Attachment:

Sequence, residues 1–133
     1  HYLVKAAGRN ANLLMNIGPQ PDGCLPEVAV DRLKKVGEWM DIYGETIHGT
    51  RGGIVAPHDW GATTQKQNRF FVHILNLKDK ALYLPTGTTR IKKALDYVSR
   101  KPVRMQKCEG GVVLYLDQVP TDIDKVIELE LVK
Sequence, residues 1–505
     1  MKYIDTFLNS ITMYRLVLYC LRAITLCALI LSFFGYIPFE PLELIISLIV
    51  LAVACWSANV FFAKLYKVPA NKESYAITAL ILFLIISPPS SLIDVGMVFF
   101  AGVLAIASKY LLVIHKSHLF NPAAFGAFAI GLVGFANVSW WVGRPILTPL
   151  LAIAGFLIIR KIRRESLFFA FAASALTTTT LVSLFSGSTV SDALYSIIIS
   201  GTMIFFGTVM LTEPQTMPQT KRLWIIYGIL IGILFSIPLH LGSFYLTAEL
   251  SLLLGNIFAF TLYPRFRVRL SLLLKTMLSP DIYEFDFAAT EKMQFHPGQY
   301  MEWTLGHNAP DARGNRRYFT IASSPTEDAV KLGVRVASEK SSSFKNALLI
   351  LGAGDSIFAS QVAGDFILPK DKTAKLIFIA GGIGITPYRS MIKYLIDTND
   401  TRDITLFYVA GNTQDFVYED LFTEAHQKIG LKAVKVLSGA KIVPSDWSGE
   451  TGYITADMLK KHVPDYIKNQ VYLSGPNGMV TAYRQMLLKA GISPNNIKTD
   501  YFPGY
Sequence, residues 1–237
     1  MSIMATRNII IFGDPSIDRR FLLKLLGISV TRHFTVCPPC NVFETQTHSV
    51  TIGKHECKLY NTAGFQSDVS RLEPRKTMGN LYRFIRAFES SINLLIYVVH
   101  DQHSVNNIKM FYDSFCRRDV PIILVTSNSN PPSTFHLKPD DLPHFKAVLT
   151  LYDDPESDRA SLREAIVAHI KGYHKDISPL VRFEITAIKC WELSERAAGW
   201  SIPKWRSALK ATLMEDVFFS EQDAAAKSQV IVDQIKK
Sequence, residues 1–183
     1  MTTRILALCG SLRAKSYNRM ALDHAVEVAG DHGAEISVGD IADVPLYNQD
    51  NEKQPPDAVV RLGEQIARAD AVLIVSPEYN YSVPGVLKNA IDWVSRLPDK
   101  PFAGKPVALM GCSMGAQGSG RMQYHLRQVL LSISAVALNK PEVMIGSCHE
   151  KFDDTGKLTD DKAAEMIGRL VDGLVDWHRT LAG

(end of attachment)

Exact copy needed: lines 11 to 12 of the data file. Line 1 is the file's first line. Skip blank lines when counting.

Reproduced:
   251  SLLLGNIFAF TLYPRFRVRL SLLLKTMLSP DIYEFDFAAT EKMQFHPGQY
   301  MEWTLGHNAP DARGNRRYFT IASSPTEDAV KLGVRVASEK SSSFKNALLI